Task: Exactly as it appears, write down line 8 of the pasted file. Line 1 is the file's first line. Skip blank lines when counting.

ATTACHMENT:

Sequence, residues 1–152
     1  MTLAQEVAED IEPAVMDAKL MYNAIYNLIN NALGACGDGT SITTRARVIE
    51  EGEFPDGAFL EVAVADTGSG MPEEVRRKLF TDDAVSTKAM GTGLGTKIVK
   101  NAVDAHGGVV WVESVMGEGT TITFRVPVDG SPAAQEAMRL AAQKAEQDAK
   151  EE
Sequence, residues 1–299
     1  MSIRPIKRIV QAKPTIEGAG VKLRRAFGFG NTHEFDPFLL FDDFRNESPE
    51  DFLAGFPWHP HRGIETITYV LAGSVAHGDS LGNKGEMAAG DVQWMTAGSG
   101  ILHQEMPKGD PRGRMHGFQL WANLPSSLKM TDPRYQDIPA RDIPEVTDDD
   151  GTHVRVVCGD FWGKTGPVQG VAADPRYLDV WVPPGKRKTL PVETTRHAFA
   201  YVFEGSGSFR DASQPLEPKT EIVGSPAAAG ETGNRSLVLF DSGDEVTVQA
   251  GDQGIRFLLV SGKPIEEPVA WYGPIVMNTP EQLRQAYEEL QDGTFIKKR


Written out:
    51  DFLAGFPWHP HRGIETITYV LAGSVAHGDS LGNKGEMAAG DVQWMTAGSG